I hope that there will be a POD version as I will definitely buy it, though I suspect that the length would make it quite expensive.

  20. 12 of 12 correct — sign of a misspent youth? I did hesitate about a few answers, but ended up with the right choices. I do reread Heyer a lot.

  21. I can’t believe it. I missed one! I would have wagered cash money I’d get them all, so kudos to the questioners. (I’ve been reading Georgette’s romances since high school (1971 graduate), and I didn’t think anybody could stump me.) Great fun. I named my beloved fur daughter (grey kitty with lime green eyes) Sophy. Guess which of her books is my favorite? Thanks for making my day!

  22. Michelle, the whole point of these quizzes if FUN, so I;ma glad you enjoyed it. I laughed at your comment about steel trap memory — I suspect a lot of us are like that. I love it when I come to a favourite scene, but I also enjoy it when I read a scene I’d forgotten but that delights me. That happened to me when I reread The Talisman Ring after years of thinking it wasn’t a fave — but it was brilliant!

  23. Mike, I’m not sure what the printing plans are — I’ll shoot an email to Jen Kloester and see if I can find out. I definitely hear you on illustrations on an e-reader — almost impossible, I find.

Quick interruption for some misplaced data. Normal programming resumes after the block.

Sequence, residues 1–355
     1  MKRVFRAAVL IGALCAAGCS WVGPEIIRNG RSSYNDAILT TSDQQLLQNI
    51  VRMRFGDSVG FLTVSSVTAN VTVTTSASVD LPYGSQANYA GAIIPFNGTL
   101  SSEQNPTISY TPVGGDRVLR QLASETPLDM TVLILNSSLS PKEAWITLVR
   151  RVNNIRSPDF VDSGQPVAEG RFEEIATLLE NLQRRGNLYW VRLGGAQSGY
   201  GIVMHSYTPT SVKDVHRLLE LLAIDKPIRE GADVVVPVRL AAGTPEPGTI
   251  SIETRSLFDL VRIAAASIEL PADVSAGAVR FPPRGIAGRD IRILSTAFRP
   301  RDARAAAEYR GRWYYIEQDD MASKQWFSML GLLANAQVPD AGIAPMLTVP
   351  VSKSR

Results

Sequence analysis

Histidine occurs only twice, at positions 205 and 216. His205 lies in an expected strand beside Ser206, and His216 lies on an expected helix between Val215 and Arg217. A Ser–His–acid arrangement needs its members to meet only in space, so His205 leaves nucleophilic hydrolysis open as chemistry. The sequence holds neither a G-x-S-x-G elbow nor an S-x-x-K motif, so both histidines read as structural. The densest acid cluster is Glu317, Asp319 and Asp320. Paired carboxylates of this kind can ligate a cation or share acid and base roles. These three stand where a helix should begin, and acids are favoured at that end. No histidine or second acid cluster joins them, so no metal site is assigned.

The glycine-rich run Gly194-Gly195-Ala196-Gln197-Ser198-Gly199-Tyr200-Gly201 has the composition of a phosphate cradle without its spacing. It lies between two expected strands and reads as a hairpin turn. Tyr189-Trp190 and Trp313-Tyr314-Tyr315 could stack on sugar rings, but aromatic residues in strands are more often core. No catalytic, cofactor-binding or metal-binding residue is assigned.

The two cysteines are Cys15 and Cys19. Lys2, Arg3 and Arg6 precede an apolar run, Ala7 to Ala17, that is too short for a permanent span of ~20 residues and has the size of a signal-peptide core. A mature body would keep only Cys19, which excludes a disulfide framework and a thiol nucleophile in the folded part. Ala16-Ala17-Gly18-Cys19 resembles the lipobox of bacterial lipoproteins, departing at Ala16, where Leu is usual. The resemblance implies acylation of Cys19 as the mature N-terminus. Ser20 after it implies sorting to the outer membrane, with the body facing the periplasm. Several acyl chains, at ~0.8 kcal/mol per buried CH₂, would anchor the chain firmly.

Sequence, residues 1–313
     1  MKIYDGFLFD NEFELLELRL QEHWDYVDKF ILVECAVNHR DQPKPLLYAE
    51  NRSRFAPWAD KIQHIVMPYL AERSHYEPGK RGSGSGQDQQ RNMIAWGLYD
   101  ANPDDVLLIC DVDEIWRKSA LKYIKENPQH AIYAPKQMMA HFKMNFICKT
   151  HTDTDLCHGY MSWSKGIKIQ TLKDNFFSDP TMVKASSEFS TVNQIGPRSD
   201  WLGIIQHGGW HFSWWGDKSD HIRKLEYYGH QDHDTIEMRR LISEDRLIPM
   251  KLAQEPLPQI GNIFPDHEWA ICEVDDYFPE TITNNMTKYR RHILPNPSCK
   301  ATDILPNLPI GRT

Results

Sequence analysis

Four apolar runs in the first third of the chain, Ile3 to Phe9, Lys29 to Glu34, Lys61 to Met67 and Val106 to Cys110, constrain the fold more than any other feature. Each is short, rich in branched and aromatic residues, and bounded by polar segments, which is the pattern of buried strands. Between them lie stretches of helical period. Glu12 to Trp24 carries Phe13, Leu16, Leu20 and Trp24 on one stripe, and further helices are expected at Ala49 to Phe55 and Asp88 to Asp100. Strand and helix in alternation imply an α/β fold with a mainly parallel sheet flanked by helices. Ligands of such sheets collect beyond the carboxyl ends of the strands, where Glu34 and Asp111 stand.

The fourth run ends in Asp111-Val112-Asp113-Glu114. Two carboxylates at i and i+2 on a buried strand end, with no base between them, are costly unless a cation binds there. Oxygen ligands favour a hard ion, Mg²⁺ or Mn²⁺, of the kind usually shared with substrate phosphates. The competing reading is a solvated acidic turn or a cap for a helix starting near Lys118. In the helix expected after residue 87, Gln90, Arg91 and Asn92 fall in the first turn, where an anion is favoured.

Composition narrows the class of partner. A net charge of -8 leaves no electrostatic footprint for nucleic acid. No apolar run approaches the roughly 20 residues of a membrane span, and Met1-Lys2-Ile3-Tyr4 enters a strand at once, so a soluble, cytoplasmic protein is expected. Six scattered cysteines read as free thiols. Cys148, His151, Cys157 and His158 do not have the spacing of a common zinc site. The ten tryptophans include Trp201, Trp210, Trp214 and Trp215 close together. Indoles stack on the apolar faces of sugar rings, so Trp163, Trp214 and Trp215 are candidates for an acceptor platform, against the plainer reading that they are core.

But I’m so glad you’re enjoying it more than you expected. Yes, it’s not just a critical essay on each book. I love hearing the background to the writing as well.
    As for naming the book — I did suggest to people that if they could name the book as well as the character, they could double their points but very few seem to have done that. I think our version of the quiz, with several books to name for each question would be fun for the dedicated Heyerites.

  24. Thanks, Lyn — I do try to make the questions a little bit tricky, and enjoyed thinking up possible answers that might entice some people to choose a wrong ‘un. *g* That’s part of the fun for me in crating these quizzes. And I don’t want them to be too easy, even for those who know the topic well.
    Your cat sounds lovely — and yes, I can tell what your favourite Heyer is.

  25. That is so kind of you to say such nice things about the new book, Mike, and I’m delighted you’re enjoying it. I’d be very grateful you know about any formatting issues, no matter how small. Thank you. And the book is coming out in hardcover on 29 September and in paperback next year. Happy reading!

  26. Got them all right. Although I have to admit, one was a guess – I knew it was between two characters and thankfully I picked the right one!

  27. 24/24! Most of the books mentioned in the quiz I could almost quote by heart! i must be a Heyer fan! I need to get hold of Jennifer’s new book.